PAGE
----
Christmas 2020 could be 50% busier than last year, but a 30% shortfall in drivers and warehouse workers could overwhelm overstretched supply chains.
That’s the warning from ParcelHero as the UK’s delivery firms already struggle to meet unprecedented demand from the boom in online sales, fuelled by the impact of the coronavirus pandemic.
CitySprint has announced that it will recruit more than 750 additional couriers across the UK, ahead of this year’s Christmas rush.
Work will be available across all 30-plus CitySprint sites throughout the UK, with extra demand in Birmingham, Bristol, Leeds, London, Manchester, Newcastle, Norwich and Southampton.
The business is seeking a wide range of vehicles — including small vans, large vans (including refrigerated models), push bikes and cargo bikes.
Mark Footman, operations director at CitySprint, said: “The festive season is one of the most important times of the year for our clients, with delivery volumes increasing across our business. “This year, with the demand for festive home deliveries expected to be even higher than normal, we’re making sure the courier fleet is ready to face anything that comes our way.”
Meanwhile, First 4 Logistics, part of The APC network, has opened a new operational parcel depot at Beach Road, Newhaven. The opening comes following significant growth for the business, spurred by a huge surge in online shopping across Brighton and East Sussex amidst the COVID-19 pandemic.
The new depot provides 17,000 square feet of warehouse space, an increase of 10,000 square feet compared with its previous site in Newhaven. This additional space will allow the company to expand its overnight parcel collection and delivery service offerings to local businesses across all BN and TN21 postcodes, enabling local SMES to service a national customer base.
Jonathan Smith, chief executive at APC Overnight, said: “Whilst many industries have seen considerable downturns as a result of the pandemic, the logistics industry continues to expand as consumers have found new ways of sourcing products they depend upon.
“The increase in online ordering has meant that businesses have had to rely heavily on carriers to get these items delivered.”
With recent announcements from the Government of a further tightening of measures being put in place in the run up to Christmas, The APC’s focus on a national level is now turning towards peak - and preparations for what is likely to be a record-breaking period of online shopping - predicting year-on-year growth of up to 20%.
DPD announced in the summer that it was recruiting 6,000 new staff, including 3,500 drivers, in response to an unprecedented boom in online shopping caused by Covid-19.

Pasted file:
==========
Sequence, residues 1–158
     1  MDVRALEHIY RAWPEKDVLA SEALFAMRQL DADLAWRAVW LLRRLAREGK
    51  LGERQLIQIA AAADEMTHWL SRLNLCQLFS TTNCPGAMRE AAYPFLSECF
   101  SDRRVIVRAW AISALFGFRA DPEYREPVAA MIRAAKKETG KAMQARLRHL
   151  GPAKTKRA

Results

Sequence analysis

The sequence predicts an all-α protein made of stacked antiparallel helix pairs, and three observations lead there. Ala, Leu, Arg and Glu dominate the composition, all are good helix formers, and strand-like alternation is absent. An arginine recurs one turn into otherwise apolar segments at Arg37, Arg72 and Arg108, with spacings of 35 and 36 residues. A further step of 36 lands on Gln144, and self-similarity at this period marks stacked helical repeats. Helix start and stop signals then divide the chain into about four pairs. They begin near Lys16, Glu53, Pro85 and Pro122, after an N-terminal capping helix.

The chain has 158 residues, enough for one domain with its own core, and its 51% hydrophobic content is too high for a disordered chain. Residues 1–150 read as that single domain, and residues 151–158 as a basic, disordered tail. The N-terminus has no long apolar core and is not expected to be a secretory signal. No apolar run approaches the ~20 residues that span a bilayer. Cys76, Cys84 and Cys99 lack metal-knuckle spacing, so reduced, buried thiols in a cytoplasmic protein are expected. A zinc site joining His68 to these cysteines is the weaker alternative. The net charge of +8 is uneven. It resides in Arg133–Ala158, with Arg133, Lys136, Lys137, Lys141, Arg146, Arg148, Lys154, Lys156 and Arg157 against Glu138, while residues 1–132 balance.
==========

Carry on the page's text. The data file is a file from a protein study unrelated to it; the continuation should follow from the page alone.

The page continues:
The delivery firm is investing £200 million this year to expand its next its next-day parcel capacity, including £100m on vehicles, £60m on 15 new regional depots (10 more than originally planned in 2020) and the remainder on technology.
ParcelHero is warning a probable record online Christmas will double deliveries for many retailers and potentially snap overstretched supply chains.
ParcelHero’s head of consumer research, David Jinks, says the double-whammy of families, separated by Covid-19 restrictions, mailing their gifts, plus a shortage of skilled drivers created by Brexit, could prove a mountain too high to climb.
He explained: “The huge demand for deliveries is being compounded by the reported loss of a quarter of a million EU nationals from the UK economy this year, which will lead to a 30% shortfall in drivers and warehouse workers.
“Even though many retailers and delivery companies are attempting to hire thousands more staff in preparation for this year’s Christmas peak, this might be difficult to do in practice. Retailers may need to radically shake up their Christmas distribution plans.
Despite a partial pick-up of High Street store sales in recent months, online sales are still over 50% higher compared to a year ago.
Jinks continued: “Christmas success is always balanced on a knife edge. It only took an increase in the popularity of online Black Friday shopping in 2014 to cause Christmas chaos across the retail and delivery industry.
“Nearly one in three online shoppers experienced problems with their orders that Christmas, 49% suffered from missed deliveries due to overstretched companies’ erratic delivery patterns, while 45% experienced late deliveries or never received their goods.
“There’s no doubt the problems of Christmas 2014 could be repeated this year if retailers underestimate the scale of the challenge.”
Berry Recruitment, one of the largest temporary worker suppliers in the country, says demand for delivery drivers is running at 30% above supply.
It believes a combination of a huge increase in online ordering and fewer European workers has created a perfect storm. “This view is supported by findings from the business news service Quartz, which analysed data from the Government’s Office of National Statistics and found around a quarter of a million people from the EU have left the UK economy since the start of the year, because of the impact of both Covid and Brexit,” said Jinks.
“Can the crisis be averted? This year, Yodel seems determined not to repeat the experience of 2014 and has announced it will create 2,950 new jobs to handle volumes during the Christmas peak.
“Similarly, many other delivery companies have been gearing up for some time to cope with the rise in demand. Amazon is planning to create more than 20,000 seasonal and permanent positions ahead of the festive period.
“However, with supply chains stretched to breaking point, we advise online shoppers to buy their presents in good time and that everyone sends their presents with time to spare, as Britain’s couriers battle with potentially record volumes.”